We can probably all agree that, these days, nothing is sacred. If you can (as a few very insistent YouTube videos have told me) pay to watch live snuff films on the dark web, there’s probably someone out there – in the thronging nest of perversions that is the internet – ready to take something special from your childhood (say, a favourite TV programme) and make it unclean.

Which is exactly what happened when an internet-spawned theory found history’s least sexual fictional character, Postman Pat, to be a stop motion sex monster. The theory goes that he has fathered a lot of children in the village school, many of whom have ginger hair; Pat is the only red head in Greendale.


Because humans are incapable of not picking at every innocent thing until it goes gangrenous, here are some other childhood-ruining fan theories.

Babar is a colonial stooge


Babar lording it over the colonies. Photo: Flickr/Vanessa

Could everyone’s favourite anthropomorphic French elephant be an apologist for centuries of Western brutality and conquest? Well, yes, obviously. According to the “Holy Hell Is Babar Problematic” theory, the fact that the titular character was born in Africa, raised and “civilised” in Paris, then sent back to Elephant Land to be king and teach all the other elephants how to be French, makes Babar about as suitable for children as a Ladybird introduction to eugenics and a Playmobil King Leopold.

For further proof that this theory isn’t “political correctness gone mad”, but actually political correctness gone quite sensible, just look at some of the (deeply un-OK) illustrations from the 1949 book Babar’s Picnic.

The Smurfs are white supremacists


A horrifying vision of ethnic uniformity. Photo: Getty

Or maybe “blue supremacists” would be more accurate. Either way, they’re racist. Possibly. It’s been pointed out that the Smurfs all wear pointy white hats. Apart from their leader, Papa Smurf (the ultimate patriarch..?), who wears a red one. Meaning these tiny munchkin thingies are (maybe, just maybe) sartorially influenced by none other than the Ku Klux Klan.

This seems tenuous at best, until you look at a few other factors in this theory brought to light by French political scientist Antoine Buéno. Buéno suggests that the dictatorial political structure of Smurf Village paired with some actually quite convincing racism (when Smurfs turn black, for example, they become barbaric and lose the power of speech), equals Nazism.

What’s more, the Smurfs’ main antagonist – a wizard called Gargamel – is not unlike an antisemitic caricature from Nazi propaganda magazine Der Stürmer. He’s dark haired, hook-nosed and obsessed with gold. Oh, and he has a cat called Azrael, which is the Hebrew name for the Angel of Death.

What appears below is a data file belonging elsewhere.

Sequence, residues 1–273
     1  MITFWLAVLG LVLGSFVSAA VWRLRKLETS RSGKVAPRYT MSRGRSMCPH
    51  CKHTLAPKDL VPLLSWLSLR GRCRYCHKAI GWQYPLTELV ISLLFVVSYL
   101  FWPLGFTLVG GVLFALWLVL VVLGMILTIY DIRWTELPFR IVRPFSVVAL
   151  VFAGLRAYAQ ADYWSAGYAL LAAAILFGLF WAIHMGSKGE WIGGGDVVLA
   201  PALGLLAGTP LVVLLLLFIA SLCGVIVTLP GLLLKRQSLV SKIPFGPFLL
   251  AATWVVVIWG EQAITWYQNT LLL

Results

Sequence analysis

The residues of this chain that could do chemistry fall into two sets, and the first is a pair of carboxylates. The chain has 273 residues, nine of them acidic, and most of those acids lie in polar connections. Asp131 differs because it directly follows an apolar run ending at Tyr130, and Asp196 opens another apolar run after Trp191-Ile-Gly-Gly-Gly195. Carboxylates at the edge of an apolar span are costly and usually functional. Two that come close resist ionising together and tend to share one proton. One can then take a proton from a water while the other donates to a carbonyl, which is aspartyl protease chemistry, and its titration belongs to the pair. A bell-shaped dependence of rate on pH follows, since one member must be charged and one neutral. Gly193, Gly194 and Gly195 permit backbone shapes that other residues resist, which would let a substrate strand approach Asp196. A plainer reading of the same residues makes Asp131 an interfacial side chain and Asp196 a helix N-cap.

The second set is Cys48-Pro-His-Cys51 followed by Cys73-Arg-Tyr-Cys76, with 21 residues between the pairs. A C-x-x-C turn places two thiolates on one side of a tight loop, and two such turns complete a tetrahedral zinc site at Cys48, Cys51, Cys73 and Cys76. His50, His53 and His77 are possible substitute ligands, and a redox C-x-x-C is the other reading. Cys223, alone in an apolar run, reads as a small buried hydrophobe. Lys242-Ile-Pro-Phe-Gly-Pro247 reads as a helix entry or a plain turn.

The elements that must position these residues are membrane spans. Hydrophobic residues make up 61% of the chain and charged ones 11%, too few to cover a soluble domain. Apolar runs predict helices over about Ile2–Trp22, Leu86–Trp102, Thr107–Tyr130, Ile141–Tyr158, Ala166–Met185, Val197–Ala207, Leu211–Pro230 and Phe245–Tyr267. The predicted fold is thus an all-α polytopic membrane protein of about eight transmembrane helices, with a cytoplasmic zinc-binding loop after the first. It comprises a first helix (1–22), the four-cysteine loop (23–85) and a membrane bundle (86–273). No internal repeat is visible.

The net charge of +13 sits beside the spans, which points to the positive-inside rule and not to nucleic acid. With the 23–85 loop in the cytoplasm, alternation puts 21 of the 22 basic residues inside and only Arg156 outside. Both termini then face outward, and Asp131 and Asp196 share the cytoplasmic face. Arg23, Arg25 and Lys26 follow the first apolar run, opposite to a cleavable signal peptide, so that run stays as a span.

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And, in case you’re not already far enough down the “Smurfs are racist” rabbit hole, just look at Smurfette and her long, blonde hair. Aryan much?

SpongeBob SquarePants is a post-nuclear mutant


Forever running from haunting memories of radioactive atrocity. Photo: Flickr/Kooroshication

According to one fan theory, this Nickelodeon classic may have more in common with The Hills Have Eyes than we think. SpongeBob, a talking sponge who lives in an underwater pineapple with a meowing snail, may well be the product of nuclear testing.

In the Forties, the US detonated two nukes in an area of the Pacific called Bikini Atoll. SpongeBob lives somewhere called Bikini Bottom. Coincidence, or an especially dark analogy for the dangers of radiation and man’s lust for destruction? Hm.

Tom and Jerry is Nazi propaganda


Skipping merrily through the Third Reich. Photo: Flickr/momokacma

Either we’re so obsessed with Nazism that we look for it (and find it…) in literally everything, or the antics of a classic cat and mouse duo really do contain coded messages about the futility of the Allies’ war with the Third Reich.

If we’re going for the latter, let’s start with the characters’ names. Tom (Tommies were British soldiers) and Jerry (Jerries were German ones). Now remember, Tom is the bad guy. In every episode, he tries to kill Jerry by any means possible, but is foiled every single time, getting blown up by sticks of dynamite and flattened by falling anvils along the way.

Tom and Jerry first aired in 1940 – the same year as the Battle of Britain. So, if the reference to slang for Brits and Germans was unintentional, it was more than a little bit unfortunate. And, according to some albeit sketchy-looking corners of the internet, this was no accident at all but a message (in that Jerry constantly outwits Tom) about superior German intelligence.

Although this may seem like the least compelling of all of these dark fan theories, it would explain why I always had a gut feeling the painfully smug Jerry was the actual baddie.

Eleanor Margolis is a freelance journalist, whose "Lez Miserable" column appears weekly on the New Statesman website.